Charlie Mullins

Apprenticeships are vital for business

Charlie Mullins, managing director of Pimlico Plumbers and Secret Millionaire, offers his opinion on apprenticeships.

In this country we continue to undervalue apprenticeships and vocational qualifications, and to treat them as merely a poor relation to formal education. But in reality apprenticeships are vital for tackling both the key skills shortage we are facing and youth unemployment. Latest figures suggest there are now almost a million young people not in school, work or training – so called NEETs - and that just cannot continue.

In my opinion, young people should be encouraged to learn trades and skills, rather than being pushed into university courses.

I decided at the age of nine that I wanted to be a plumber. After leaving school at 15 with no qualifications to my name, I completed a three year apprenticeship in plumbing, before started out on my own with a second hand van and a bag of tools bought at auction. Pimlico Plumbers was officially born in 1979 and we now employ over 200 plumbers and support staff.

My point is, I have been there, done that and proved what can be achieved.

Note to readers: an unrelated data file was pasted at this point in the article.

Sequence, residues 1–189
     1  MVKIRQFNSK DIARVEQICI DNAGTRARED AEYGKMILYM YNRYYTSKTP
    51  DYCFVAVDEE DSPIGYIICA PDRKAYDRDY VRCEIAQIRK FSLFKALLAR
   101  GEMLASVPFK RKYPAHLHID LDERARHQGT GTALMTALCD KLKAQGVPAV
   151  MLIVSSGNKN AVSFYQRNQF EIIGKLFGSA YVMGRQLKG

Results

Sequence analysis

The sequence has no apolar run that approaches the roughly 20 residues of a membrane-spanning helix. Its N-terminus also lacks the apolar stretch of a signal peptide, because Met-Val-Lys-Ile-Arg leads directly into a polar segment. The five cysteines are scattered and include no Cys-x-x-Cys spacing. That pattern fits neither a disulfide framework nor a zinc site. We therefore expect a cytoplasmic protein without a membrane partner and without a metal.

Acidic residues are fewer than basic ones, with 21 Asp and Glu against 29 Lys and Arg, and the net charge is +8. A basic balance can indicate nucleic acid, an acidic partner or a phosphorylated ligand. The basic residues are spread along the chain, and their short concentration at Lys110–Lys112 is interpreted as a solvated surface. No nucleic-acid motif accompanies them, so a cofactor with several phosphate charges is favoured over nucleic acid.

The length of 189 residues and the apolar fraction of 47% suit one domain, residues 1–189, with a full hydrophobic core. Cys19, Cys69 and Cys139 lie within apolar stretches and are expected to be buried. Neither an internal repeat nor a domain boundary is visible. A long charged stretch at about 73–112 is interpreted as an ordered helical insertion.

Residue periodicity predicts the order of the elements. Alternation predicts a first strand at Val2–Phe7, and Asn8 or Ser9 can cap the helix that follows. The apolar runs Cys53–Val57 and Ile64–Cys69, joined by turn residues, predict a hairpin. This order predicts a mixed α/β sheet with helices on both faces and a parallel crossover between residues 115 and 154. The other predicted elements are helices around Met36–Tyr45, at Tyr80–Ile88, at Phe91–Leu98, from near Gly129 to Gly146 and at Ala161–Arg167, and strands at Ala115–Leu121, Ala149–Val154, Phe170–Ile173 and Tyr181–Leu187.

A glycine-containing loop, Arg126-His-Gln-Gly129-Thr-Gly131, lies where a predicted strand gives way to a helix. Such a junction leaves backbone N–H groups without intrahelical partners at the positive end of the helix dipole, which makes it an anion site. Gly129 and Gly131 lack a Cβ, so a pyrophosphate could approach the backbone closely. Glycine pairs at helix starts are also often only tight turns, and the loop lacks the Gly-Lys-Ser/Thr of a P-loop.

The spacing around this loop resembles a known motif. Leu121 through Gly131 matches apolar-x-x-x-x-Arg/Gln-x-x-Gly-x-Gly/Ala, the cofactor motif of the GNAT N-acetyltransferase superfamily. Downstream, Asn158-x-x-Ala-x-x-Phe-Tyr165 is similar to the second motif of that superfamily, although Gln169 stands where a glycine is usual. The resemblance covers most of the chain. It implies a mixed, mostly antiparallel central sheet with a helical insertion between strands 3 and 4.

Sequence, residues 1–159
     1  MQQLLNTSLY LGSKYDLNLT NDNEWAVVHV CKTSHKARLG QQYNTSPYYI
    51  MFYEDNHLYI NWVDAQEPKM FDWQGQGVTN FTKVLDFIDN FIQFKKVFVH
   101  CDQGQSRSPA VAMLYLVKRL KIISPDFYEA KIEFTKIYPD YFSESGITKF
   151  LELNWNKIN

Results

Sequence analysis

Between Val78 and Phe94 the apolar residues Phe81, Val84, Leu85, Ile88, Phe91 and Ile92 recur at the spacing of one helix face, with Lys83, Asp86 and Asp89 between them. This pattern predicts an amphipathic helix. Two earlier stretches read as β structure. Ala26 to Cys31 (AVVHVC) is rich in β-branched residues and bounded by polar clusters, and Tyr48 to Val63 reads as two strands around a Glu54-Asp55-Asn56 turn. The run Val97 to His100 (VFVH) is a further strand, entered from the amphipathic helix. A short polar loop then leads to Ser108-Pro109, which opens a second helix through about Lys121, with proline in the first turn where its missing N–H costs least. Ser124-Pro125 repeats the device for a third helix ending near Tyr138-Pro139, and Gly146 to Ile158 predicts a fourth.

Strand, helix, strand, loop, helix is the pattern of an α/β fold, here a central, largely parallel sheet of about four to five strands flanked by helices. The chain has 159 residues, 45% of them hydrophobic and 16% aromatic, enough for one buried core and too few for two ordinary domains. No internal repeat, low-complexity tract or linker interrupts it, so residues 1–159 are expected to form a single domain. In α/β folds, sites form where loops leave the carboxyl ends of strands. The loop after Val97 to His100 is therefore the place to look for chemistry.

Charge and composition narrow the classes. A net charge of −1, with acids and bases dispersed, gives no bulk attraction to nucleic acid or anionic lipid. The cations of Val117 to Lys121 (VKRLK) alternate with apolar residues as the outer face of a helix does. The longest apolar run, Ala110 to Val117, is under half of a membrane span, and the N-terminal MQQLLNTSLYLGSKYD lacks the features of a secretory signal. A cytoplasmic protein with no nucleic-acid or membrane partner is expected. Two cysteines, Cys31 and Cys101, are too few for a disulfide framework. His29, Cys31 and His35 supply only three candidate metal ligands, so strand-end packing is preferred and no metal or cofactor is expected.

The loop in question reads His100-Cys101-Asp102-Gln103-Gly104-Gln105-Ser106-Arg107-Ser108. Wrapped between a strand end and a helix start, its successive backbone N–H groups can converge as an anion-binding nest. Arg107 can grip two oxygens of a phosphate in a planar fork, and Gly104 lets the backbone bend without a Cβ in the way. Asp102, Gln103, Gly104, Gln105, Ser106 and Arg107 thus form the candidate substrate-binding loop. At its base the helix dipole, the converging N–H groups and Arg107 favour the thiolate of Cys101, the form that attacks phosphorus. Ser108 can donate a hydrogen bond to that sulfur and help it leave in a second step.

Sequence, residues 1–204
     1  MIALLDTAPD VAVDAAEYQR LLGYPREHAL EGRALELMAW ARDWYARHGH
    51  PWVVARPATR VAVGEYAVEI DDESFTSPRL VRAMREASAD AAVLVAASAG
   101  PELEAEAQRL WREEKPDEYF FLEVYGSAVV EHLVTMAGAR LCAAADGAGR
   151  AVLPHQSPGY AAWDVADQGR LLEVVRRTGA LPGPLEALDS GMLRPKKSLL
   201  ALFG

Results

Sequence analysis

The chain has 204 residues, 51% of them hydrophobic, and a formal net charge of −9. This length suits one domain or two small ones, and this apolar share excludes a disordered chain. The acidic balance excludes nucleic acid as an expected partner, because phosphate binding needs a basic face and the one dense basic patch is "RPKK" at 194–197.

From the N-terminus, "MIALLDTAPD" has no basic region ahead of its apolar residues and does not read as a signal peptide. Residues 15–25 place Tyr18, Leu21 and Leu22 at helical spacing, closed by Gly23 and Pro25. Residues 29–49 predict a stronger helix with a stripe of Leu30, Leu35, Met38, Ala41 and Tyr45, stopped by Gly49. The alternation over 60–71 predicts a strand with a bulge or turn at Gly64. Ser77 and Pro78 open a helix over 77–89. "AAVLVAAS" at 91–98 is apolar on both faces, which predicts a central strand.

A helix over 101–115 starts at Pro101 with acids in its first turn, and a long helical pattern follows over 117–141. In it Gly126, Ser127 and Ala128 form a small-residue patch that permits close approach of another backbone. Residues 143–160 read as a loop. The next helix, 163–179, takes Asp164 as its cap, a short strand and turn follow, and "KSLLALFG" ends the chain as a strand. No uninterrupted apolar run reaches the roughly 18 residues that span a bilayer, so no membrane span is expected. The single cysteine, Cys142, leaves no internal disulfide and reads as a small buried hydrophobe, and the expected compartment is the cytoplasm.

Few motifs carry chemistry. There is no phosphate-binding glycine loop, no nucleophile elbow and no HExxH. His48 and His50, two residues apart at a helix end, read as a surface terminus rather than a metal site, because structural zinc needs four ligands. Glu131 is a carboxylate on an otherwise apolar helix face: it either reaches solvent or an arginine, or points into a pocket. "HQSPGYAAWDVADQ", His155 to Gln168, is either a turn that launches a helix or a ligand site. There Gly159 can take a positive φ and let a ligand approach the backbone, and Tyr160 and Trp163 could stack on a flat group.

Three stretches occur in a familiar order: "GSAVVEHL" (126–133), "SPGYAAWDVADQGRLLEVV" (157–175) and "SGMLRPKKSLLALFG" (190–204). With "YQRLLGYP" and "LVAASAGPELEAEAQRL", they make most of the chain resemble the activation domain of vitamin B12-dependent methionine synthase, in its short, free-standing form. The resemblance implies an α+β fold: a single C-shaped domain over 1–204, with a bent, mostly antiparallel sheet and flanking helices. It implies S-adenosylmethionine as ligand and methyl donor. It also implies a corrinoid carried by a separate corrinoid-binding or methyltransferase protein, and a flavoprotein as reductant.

Apprenticeships offer young people a high-quality and respected hands on training route and employers and young people alike can benefit greatly from them.

For an employer, taking on apprentices improves productivity, strengthens workforces and improves motivation among employees. They also allow an employer to harness and find fresh talent and to train new people in the way they want them to learn and work, right from the very beginning.

At Pimlico, we practice what we preach and offer apprenticeships in skills ranging from plumbing to heating engineering, electrical and carpentry, building and mechanics.

As well as attending college one day per week in term time, our apprentices spend the rest of their time accompanying our qualified engineers on real jobs. So they gain hands-on experience in the real world of actual situations. It is not just words and theory in a text book.

What remains clear is that we are facing a serious skills shortage in the traditional trades and if our economy is to grow, and we are to meet the Government’s infrastructure building targets, then attitudes need to change – and fast.

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